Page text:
The Court held that the ski instructor was primarily responsible for the accident but that Anderson was contributory negligent for failing to inform the instructor of his concerns. His damages were thus reduced by 30%.

Kearne v Ultima Tours

Kearne was a 15 year old pupil who was on a school skiing holiday in Austria. The package holiday also included skiing lessons as well as flights and accommodation. Kearne was a beginner and put in a novice ski class. The instructor advised the class to descend a blue run which was steeper than any others she had skied before. She had only done 6-7 hours of skiing previously and was regarded as one of the weakest in her group who was not always in control of her skis.

Whilst descending the run, Kearne lost control of her speed and direction and was unable to stop. She descended into the ski centre’s car park and collided with a parked car. 

A number of issues were addressed at trial: 

  • Did the instructor make an accurate and reliable assessment of the Kearne’s ability? 
  • Did Kearne contribute to her injuries through her own negligence?
  • Was the slope appropriate given Kearne’s capabilities?

Ultima Tours conceded that it was responsible for the proper performance of its obligations under the Package Holiday Regulations. 

The expected standard of care was determined by the International Ski Federation rules which state:

Ski schools, instructors and guides must never allow their pupils to take any risk beyond their capability especially taking into account the snow and weather conditions.” 

The Court held that the instructor failed to provide the necessary supervision and tuition to comply with the relevant guidance. Further, Kearne had not demonstrated the required level of performance and capability for the instructor to make a reasonable decision to move the class to the blue slope. The tour operator was therefore found to be liable for the accident.

It is important to note that the actions of skiers will be assessed according to the practice and law of the country in which the accident occurs.



The inherent risks involved in boxing require no introduction but the personal injuries sustained during the sport require to be adequately managed and treated.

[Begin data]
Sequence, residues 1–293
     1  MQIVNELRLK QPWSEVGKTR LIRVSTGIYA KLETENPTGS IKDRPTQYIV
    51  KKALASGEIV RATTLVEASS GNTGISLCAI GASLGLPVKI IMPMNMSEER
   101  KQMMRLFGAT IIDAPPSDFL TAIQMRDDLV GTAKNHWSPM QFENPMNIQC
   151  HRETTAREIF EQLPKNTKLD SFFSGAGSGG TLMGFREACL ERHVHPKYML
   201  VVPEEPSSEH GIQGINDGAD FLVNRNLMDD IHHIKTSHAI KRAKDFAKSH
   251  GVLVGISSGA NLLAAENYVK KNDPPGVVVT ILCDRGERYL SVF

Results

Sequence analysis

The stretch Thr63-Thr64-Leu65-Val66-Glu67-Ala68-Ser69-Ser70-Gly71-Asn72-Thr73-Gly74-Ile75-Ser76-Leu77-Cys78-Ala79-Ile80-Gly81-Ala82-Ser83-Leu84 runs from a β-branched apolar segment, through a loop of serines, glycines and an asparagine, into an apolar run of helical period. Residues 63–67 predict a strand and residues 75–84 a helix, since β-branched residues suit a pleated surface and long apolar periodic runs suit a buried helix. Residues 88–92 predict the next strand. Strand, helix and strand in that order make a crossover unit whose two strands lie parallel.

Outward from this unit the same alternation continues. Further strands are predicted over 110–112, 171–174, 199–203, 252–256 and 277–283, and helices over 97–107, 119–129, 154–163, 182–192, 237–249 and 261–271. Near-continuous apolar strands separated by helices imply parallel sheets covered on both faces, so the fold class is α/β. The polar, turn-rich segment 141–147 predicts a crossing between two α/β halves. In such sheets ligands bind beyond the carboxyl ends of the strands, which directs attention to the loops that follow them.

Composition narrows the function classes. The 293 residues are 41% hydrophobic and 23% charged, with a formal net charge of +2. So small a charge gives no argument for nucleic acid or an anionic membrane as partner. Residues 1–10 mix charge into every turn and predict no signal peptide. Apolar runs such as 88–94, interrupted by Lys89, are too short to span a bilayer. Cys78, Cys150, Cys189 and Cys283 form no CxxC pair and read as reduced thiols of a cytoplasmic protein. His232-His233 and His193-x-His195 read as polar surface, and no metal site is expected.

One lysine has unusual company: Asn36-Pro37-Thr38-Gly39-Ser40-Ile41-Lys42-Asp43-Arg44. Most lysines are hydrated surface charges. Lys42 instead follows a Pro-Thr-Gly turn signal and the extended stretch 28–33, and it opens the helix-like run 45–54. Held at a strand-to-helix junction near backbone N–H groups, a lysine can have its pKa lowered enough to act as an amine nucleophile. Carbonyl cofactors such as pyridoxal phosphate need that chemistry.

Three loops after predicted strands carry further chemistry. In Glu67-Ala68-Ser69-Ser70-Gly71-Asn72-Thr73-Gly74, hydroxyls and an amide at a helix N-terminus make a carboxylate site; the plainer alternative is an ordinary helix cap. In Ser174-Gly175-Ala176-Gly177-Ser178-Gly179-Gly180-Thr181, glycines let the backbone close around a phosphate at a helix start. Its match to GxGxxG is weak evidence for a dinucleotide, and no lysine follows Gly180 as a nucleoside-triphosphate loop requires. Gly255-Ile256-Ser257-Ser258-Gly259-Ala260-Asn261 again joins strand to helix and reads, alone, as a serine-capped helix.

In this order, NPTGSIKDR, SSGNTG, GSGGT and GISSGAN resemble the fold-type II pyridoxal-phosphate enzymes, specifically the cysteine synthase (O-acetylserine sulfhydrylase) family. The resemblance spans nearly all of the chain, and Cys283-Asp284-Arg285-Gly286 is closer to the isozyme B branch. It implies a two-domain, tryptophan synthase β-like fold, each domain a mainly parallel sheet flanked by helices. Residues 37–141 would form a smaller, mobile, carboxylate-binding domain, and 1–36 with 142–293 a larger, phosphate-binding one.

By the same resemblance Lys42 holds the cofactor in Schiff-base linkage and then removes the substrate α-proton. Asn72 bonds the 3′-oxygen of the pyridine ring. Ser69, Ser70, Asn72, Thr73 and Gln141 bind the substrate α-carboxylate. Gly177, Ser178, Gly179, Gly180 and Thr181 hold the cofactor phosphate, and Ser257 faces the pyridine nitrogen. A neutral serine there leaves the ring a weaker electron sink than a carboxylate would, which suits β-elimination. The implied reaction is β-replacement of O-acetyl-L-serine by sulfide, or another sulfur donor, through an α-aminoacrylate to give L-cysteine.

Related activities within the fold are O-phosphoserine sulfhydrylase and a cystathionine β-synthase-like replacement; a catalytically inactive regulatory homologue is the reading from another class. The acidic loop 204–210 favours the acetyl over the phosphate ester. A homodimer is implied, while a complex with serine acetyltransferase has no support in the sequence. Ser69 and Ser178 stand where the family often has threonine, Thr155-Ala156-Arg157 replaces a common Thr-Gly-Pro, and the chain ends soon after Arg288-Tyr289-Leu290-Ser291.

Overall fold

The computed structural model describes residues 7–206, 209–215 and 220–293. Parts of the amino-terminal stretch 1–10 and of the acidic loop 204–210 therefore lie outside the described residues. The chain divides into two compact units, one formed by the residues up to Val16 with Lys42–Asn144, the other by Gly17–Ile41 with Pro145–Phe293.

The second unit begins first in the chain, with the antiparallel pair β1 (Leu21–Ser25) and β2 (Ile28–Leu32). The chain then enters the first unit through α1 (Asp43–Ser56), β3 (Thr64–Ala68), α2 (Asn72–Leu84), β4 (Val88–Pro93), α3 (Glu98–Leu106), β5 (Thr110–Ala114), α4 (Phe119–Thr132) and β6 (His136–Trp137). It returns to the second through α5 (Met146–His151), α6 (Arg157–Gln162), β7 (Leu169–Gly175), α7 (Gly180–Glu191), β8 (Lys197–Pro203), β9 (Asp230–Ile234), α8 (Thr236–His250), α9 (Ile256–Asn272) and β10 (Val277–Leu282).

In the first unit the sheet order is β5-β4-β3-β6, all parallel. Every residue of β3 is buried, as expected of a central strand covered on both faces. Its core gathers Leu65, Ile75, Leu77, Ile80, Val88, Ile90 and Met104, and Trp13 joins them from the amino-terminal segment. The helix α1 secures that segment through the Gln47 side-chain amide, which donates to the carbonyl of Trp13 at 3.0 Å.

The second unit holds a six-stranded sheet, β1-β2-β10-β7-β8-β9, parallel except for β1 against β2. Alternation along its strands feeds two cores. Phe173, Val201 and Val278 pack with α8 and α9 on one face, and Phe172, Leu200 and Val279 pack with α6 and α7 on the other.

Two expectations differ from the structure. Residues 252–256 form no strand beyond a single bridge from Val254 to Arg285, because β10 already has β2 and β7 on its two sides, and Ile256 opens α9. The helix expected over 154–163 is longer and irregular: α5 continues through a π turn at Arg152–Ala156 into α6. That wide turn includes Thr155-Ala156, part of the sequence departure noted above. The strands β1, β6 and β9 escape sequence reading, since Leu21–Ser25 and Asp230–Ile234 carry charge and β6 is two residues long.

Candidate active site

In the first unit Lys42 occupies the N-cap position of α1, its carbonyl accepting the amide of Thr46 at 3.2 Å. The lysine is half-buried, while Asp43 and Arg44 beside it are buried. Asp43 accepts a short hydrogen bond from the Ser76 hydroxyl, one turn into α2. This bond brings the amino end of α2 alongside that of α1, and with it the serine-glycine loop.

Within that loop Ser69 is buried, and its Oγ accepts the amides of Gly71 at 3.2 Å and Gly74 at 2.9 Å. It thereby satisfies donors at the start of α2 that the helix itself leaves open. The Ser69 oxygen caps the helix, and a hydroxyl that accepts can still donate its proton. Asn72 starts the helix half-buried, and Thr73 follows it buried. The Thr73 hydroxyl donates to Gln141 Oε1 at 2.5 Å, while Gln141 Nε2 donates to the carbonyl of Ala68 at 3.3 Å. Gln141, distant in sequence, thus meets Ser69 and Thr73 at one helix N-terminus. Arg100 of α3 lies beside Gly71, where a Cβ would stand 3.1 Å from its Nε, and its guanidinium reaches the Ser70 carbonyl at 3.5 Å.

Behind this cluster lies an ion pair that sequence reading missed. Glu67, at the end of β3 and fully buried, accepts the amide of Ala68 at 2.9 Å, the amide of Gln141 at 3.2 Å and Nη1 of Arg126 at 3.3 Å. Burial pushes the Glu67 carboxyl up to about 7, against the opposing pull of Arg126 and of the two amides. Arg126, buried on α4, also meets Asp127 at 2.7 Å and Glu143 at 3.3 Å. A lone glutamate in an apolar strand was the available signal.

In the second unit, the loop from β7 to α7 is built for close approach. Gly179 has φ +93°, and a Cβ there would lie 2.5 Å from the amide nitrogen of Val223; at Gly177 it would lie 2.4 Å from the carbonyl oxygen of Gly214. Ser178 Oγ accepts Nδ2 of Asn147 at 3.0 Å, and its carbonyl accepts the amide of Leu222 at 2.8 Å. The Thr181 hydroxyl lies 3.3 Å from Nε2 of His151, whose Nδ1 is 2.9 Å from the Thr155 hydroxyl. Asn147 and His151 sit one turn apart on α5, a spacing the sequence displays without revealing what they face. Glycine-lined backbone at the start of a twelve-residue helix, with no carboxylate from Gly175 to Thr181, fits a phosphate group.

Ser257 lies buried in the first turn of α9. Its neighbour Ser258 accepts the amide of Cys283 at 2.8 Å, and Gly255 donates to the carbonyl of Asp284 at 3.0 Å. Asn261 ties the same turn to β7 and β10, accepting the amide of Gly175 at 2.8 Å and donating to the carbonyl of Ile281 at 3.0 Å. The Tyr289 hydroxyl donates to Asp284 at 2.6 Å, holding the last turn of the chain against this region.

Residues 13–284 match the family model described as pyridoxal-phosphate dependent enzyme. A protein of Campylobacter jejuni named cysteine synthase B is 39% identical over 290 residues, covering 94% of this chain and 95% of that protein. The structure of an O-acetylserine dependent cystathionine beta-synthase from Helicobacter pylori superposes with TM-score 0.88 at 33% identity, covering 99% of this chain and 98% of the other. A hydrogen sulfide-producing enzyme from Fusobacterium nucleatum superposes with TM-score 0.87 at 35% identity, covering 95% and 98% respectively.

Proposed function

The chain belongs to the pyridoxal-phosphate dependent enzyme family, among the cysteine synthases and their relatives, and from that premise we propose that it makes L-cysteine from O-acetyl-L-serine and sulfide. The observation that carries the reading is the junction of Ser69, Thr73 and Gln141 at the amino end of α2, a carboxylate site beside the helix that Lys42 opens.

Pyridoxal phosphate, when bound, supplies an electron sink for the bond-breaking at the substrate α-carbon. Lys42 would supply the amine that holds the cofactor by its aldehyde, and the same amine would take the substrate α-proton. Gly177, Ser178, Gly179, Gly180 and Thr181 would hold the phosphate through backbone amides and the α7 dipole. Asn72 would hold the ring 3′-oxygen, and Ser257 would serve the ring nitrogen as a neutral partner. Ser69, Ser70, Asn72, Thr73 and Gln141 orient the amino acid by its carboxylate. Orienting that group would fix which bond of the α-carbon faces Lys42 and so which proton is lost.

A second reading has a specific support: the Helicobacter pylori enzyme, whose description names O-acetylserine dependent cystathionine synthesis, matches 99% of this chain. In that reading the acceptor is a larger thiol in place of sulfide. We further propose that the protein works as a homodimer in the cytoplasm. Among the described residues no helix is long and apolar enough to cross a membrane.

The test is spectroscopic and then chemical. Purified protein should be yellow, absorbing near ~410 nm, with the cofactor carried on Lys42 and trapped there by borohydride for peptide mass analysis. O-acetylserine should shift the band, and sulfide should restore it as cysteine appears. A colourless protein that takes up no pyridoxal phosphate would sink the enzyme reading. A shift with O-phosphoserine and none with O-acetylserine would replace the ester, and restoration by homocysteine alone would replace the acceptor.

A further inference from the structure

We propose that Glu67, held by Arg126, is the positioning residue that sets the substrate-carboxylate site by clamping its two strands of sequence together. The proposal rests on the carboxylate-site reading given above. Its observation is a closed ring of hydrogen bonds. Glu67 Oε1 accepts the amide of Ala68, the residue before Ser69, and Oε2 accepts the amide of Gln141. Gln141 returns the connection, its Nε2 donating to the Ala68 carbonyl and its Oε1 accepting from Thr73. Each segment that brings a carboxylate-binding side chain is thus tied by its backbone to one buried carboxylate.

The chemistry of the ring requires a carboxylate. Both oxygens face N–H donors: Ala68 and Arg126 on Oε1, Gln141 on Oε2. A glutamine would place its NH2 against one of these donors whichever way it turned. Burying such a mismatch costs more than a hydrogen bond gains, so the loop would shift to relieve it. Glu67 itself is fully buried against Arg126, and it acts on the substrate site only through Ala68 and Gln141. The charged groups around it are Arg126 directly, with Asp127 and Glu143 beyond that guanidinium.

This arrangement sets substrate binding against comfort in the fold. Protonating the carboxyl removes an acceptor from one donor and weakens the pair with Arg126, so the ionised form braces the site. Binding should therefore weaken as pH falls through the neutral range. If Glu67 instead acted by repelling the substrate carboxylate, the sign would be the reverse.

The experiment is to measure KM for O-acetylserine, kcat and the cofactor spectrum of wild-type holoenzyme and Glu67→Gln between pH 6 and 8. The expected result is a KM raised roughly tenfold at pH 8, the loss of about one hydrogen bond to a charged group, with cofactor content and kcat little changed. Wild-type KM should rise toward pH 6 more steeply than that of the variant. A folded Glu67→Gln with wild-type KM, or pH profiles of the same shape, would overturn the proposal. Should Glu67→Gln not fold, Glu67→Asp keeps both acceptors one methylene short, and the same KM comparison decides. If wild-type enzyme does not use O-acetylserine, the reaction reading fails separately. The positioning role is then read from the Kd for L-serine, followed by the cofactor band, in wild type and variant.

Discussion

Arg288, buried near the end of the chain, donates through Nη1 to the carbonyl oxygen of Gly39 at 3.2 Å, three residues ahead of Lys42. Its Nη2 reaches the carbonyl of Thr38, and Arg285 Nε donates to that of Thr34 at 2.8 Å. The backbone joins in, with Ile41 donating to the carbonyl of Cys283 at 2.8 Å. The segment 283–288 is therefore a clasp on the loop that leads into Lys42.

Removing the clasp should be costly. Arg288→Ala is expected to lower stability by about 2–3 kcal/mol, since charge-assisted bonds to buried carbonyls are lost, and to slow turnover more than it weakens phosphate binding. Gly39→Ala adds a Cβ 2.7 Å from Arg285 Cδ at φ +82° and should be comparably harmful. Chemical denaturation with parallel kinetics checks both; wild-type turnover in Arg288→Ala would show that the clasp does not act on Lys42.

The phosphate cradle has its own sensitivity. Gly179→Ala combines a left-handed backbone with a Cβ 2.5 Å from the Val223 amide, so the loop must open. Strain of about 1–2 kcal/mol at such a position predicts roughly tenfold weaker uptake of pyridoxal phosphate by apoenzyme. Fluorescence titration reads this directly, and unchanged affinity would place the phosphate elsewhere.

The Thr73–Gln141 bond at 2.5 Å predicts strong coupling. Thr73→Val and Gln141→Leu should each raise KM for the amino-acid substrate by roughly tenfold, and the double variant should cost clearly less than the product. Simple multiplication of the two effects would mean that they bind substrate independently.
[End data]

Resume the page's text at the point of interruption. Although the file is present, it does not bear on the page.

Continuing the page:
Watson v British Boxing Board of Control 13(2001)

The leading case in that regard is Watson v British Boxing Board of Control.

Michael Watson sustained a sub-dural haemorrhage resulting in irreversible brain damage during his World Boxing Organisation title fight with Chris Eubank. The injury left him with a left sided partial paralysis, amongst other things. Evidence was led that showed that the injuries had been significantly worsened because immediate resuscitation equipment was not available at ringside. The British Boxing Board of Control was the regulatory body with sole responsibility for the rules governing boxing and the way in which the match was organised.

The Court held that the Board was liable for not providing a system of appropriate medical assistance at ringside. The Court formed the view that boxers were unlikely to have a well informed concern about their safety; that the Board had special knowledge and knew that boxers relied on their advice and that since 1980, there was standard response to sub-dural bleeding agreed but that it was not introduced by the Board.

In contrast the injuries which are sustained by professional boxers are the foreseeable, indeed inevitable, consequence of an activity which the board sponsors, encourages and controls. The conduct of the activity of professional boxing carries with it, for the small body of men that take part in it, the need for the provision of medical assistance to treat the injuries that they sustain and minimise their adverse consequences.


The Importance of Evidence in Proving a Breach of Duty 

As a final note, the authors wish to stress that in order to prove a successful case for sporting injury, you must gather as much evidence as possible to support your case. Some evidence that may assist your case is:

  • Photographic or video evidence
  • Eye-witnesses
  • Referee Opinion
  • Expert Evidence 

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Laura McCallum

Laura McCallum

Solicitor, Lombardi Associates

Laura is a Scottish solicitor, having qualified in 2013. She obtained her LLB degree at the University of Strathclyde. Prior to joining Lombardi Associates, Laura was a solicitor at two major city law firms in Glasgow. Her legal experience to date spans a variety of practice areas including general dispute resolution, housing law, medical law, personal injury, professional negligence and sports law.